Ukraine Appeals to African Leaders
Moscow has been winning the propaganda war across the continent. Can Kyiv change perceptions?
Welcome to Foreign Policy’s Africa Brief.
Welcome to Foreign Policy’s Africa Brief.
The highlights this week: Ethiopia’s civil war escalates as peace talks fail, Lesotho’s opposition wins elections, and Egypt calls on the British Museum to return the Rosetta Stone.
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Ukrainian Foreign Minister Cuts Africa Visit Short
Ukrainian Foreign Minister Dmytro Kuleba on Monday cut short his tour of the African continent as Russia escalated its bombings of key Ukrainian cities. Kuleba’s visit, which started on Oct. 3 in the Senegalese capital of Dakar, was the first African tour in the history of Ukrainian diplomacy and was part of a charm offensive to get the continent to choose sides in the war.
Seven countries in the Horn and north of Africa are heavily impacted by the ongoing war because their grain supplies come mainly from Russia and Ukraine. Egypt—which accounts for the majority of Africa’s total wheat imports—gets more than 80 percent from Russia and Ukraine. There has been a struggle for hearts and minds on the issue of grain shortages and who is to blame for spiraling food costs. Russian President Vladimir Putin has sought to blame sanctions against Russia—which impact its agricultural sector and export capability—as the primary reason for rising food prices.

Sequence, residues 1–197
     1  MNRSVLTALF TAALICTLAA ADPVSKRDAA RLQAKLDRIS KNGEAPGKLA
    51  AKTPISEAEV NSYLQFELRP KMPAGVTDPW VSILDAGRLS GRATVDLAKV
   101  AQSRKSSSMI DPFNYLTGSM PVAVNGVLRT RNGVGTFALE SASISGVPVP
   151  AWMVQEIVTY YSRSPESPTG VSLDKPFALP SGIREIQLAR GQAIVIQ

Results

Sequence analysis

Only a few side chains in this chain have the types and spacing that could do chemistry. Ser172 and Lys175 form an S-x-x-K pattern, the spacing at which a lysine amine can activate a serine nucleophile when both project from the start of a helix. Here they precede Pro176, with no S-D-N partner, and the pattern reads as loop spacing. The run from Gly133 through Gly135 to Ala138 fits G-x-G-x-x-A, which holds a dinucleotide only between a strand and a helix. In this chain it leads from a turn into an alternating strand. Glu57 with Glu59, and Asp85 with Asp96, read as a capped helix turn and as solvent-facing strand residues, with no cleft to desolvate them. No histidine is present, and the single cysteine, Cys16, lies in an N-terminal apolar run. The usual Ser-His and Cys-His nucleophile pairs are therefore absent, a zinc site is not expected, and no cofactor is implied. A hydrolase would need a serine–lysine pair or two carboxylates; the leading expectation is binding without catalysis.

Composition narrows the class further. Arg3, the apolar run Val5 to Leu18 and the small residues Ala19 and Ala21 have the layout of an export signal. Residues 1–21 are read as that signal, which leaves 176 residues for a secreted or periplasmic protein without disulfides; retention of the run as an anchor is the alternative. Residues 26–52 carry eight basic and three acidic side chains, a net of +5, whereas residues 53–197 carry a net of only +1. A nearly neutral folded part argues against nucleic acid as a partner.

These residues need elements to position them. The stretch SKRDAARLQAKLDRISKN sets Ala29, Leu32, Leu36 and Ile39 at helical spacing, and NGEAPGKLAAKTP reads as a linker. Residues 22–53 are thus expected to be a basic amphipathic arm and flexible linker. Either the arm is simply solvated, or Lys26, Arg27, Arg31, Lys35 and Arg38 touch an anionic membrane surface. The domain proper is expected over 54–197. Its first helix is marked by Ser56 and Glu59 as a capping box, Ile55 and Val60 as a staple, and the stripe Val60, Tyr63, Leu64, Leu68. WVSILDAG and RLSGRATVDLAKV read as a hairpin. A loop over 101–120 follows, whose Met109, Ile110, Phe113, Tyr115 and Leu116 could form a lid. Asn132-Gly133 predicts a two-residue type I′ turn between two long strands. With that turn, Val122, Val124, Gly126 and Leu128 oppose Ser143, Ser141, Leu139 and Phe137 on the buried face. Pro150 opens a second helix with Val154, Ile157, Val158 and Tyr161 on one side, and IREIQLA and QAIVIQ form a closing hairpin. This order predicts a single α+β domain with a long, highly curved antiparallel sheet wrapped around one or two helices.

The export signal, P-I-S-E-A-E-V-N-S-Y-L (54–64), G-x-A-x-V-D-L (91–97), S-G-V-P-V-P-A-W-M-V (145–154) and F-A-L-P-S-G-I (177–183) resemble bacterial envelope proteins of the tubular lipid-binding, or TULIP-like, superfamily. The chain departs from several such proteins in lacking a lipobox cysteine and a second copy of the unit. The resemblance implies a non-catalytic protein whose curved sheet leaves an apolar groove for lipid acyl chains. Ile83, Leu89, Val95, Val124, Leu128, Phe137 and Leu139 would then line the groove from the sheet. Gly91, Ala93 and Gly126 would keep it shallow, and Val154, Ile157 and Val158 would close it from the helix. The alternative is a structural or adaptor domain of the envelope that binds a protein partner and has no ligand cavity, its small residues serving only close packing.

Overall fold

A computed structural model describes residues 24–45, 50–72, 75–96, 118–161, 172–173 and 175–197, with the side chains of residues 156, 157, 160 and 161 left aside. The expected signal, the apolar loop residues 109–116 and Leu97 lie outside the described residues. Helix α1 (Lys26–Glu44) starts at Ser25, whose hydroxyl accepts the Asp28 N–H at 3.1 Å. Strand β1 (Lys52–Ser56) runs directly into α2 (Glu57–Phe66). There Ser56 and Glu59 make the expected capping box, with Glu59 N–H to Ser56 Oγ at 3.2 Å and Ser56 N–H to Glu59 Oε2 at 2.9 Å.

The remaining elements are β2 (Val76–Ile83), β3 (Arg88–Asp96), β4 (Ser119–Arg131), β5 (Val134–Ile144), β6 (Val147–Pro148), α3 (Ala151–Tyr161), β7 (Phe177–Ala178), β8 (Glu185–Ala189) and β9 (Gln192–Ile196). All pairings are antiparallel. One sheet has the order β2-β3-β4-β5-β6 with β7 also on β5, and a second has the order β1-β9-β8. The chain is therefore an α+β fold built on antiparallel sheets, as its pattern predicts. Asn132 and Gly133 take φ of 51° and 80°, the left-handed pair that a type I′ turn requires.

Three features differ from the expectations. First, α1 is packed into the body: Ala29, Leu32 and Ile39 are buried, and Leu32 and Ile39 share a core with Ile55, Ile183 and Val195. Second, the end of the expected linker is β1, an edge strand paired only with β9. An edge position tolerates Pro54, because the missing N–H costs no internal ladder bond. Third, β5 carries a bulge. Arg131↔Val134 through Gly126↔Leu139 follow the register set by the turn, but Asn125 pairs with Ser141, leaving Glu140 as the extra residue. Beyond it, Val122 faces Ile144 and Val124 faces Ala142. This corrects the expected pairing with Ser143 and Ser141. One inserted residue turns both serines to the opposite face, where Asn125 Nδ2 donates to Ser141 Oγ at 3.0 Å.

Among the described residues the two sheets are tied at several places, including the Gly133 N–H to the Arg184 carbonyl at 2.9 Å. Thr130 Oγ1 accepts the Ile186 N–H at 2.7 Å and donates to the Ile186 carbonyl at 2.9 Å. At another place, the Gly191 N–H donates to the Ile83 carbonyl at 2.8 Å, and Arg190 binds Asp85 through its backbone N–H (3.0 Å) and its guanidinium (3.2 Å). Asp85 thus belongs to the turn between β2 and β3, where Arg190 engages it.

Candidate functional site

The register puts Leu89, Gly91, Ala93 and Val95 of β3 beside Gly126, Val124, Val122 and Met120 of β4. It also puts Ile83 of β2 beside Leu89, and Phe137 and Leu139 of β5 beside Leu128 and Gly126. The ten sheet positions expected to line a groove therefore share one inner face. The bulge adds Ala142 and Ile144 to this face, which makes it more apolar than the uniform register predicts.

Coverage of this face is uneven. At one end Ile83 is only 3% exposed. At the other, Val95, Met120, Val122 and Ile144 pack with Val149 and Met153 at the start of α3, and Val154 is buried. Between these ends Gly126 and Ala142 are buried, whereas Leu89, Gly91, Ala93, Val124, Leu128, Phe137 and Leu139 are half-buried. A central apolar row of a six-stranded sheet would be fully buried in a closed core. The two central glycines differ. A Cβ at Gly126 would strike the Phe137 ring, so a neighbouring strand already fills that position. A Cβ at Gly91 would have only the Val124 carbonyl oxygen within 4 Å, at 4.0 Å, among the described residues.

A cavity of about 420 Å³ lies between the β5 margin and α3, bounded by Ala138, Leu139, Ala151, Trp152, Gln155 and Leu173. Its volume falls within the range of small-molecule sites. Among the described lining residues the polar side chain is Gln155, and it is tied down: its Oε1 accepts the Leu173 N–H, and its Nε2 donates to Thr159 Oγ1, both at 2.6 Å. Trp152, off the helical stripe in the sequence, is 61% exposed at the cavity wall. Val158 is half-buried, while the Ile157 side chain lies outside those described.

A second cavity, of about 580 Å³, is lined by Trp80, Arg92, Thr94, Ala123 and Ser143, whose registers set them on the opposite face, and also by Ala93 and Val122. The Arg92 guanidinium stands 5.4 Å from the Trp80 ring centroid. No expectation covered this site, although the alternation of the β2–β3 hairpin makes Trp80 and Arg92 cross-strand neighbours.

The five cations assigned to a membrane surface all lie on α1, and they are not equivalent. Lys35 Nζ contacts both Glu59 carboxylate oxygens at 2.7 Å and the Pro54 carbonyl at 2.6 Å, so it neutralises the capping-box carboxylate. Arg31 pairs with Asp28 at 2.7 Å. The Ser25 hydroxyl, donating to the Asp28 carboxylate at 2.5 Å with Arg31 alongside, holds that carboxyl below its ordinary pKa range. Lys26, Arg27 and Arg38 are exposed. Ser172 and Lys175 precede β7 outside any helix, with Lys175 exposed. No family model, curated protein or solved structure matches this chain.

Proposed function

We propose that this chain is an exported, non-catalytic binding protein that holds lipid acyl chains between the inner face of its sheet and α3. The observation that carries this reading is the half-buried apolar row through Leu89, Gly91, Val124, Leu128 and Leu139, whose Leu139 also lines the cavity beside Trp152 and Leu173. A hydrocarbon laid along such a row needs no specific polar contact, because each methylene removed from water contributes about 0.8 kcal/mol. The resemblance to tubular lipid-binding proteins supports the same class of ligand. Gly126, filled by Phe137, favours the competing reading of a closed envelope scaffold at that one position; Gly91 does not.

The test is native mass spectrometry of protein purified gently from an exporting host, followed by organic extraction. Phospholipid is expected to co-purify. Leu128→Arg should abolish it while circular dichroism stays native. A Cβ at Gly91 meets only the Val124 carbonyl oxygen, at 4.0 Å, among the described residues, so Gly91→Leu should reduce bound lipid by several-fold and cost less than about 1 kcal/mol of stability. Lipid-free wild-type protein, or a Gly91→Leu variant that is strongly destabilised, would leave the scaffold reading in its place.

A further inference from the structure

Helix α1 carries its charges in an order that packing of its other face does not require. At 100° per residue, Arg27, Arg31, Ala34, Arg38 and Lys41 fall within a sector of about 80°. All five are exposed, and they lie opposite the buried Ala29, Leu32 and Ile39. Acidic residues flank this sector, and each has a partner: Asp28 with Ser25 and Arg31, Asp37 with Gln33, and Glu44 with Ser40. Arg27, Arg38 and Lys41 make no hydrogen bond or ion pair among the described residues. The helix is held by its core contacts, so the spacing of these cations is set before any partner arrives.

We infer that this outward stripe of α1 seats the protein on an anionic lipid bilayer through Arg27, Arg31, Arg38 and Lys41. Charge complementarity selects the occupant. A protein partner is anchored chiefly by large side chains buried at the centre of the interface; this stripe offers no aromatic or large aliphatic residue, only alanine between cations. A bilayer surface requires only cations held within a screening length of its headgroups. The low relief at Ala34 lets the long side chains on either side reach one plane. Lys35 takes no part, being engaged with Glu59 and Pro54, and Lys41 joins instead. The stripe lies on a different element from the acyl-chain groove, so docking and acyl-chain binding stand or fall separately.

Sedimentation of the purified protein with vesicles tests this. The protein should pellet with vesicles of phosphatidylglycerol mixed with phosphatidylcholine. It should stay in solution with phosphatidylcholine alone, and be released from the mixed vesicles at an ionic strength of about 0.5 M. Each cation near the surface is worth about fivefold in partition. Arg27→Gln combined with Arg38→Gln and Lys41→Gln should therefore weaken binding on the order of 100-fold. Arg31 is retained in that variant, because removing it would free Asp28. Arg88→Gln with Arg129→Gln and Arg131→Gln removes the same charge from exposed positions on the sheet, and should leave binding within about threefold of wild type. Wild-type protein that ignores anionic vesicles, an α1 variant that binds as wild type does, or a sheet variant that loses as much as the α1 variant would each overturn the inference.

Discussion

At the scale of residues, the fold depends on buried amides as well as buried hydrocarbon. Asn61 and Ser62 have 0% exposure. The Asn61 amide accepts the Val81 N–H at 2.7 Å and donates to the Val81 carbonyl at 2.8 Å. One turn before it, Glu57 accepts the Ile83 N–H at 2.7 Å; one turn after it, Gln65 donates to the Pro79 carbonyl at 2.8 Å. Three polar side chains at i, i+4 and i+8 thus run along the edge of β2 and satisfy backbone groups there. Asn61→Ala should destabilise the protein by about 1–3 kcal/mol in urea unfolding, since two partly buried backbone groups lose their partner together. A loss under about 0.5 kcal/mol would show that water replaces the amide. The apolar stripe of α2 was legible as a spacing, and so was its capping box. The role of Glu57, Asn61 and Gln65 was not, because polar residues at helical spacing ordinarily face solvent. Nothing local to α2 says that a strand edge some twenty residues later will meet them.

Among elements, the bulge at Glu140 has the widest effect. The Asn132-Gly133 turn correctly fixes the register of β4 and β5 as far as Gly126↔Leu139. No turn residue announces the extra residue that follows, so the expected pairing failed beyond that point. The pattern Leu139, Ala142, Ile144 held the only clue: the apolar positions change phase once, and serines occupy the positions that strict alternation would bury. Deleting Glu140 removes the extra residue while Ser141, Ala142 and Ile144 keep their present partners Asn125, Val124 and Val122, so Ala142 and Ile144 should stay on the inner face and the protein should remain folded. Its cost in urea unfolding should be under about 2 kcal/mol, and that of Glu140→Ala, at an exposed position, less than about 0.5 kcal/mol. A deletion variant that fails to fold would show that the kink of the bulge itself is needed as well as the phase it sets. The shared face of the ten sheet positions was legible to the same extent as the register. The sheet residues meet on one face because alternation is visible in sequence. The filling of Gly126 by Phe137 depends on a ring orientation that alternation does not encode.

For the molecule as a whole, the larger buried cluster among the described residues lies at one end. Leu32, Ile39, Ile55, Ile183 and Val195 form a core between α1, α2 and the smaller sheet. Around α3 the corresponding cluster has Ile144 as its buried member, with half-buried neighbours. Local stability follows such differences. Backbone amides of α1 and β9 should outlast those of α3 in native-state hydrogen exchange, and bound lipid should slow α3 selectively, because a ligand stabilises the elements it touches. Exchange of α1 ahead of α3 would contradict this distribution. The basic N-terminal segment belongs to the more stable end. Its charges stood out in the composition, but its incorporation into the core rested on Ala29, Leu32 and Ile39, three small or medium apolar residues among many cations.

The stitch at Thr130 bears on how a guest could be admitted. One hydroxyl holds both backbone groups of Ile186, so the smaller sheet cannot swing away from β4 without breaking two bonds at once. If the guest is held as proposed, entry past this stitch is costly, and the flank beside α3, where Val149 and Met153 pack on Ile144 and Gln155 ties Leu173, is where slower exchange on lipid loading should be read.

Meanwhile, Western leaders have accused the Kremlin of using food as a weapon in the war through a blockade of Ukrainian exports. However, Putin has claimed that “almost all” the Ukrainian grain shipped under a U.N.-backed deal to end that blockade and deliver food to poorer nations has gone to countries in the European Union, an accusation that Ukraine denies. The first U.N.-chartered vessel carrying Ukrainian grain docked in Djibouti on Aug. 30 as part of a humanitarian response to the drought gripping the Horn of Africa.
In Senegal, Kuleba promised Kyiv would be sending “boats full of seeds for Africa.” “We will do our best until the last breath to continue exporting Ukrainian grain to Africa and the world for food security,” Kuleba said as he addressed the press alongside Senegalese Foreign Minister Aissata Tall Sall.
His speech had sought to dispel some of the Kremlin’s rhetoric. Moscow has tried to paint Western actions as a form of neo-imperialism, arguing that the West expects African leaders to automatically back its position and that the reason for the war is Ukraine’s efforts to join NATO.